Page:Adventures of Rachel Cunningham.djvu/5
THE LIFE OF
and her very shrewd conception of things coming within the sphere of her notice, which would have seemed beyond the reach of infantine comprehension; while she possessed those bewitching germs of beauty which won the favour and excited the admiration of all who beheld the superiority and contemplated the rising excellence of her charms. To these personal qualities and mental prefigurations of what, in their fond hopes they predicted, she might in future be, may be, not inaptly, attributed an overyielding indulgence, on the part of her parents, to all her little whims, desires, and growing caprices, without regard to the necessary restraint to curb that warmth and volatility nature had mingled with and implanted in her composition.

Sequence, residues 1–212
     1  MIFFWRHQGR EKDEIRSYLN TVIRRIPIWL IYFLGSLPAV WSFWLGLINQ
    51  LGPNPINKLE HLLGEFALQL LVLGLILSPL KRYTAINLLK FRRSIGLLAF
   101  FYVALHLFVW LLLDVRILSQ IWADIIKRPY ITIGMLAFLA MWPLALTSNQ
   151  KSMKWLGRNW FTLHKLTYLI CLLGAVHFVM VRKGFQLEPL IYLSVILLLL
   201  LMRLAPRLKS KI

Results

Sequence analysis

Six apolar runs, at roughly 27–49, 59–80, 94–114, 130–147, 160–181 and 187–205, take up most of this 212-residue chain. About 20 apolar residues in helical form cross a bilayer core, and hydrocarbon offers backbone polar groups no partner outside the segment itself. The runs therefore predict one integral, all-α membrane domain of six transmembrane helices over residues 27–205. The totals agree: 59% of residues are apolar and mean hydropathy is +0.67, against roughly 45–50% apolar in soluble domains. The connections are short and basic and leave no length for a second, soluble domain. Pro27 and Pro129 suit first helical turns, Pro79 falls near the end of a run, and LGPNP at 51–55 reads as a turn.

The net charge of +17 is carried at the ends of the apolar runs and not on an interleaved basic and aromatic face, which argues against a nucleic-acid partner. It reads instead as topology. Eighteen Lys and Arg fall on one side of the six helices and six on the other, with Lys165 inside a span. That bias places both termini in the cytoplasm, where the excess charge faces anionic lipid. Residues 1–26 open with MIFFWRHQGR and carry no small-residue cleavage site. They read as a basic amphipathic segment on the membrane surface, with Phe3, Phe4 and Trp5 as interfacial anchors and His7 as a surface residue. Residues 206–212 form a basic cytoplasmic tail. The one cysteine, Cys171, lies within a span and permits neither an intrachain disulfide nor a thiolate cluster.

At a very early age she was put to a sort of preparatory boarding-school, and when she was in her ninth year, death deprived her of a kind mother's ever-watchful attention.—This, although she fell not then its weight, was a loss at once irreparable in itself and destructive in its effects; and as it effected the best interests of the blooming Rachel's future situation in society, fate could not, perhaps, have aimed a stroke more truly ruinous to her well-being.At the seminary, before referred to, she remained but a short time subsequent to her mother's decease, when, for her better education and accomplishment for the station in life she was intended to fill, to be initiated in those branches of polite literature, deemed in the instruction of young ladies, as most imperatively necessary to the finish of the female character, she was removed to another establishment of higher order and repute, where in a little while, she preeminently distinguished herself by, for her age, the rapid progress she made in those acquirements and the facility with which she imbibed the benefits of tuition. She was now the almost worshipped idol of her father's most sanguine hopes, while he looked forward to the future day, when he should behold in his adored Rachel one of the most brilliant ornaments of female society, with anticipations that gladdened every coming hour of his existence with the heart cheering prospect before him. During the periods of school-vacation:, when she would be at home, and more immediately under his eye, he, as it were, absolutely deified her. No-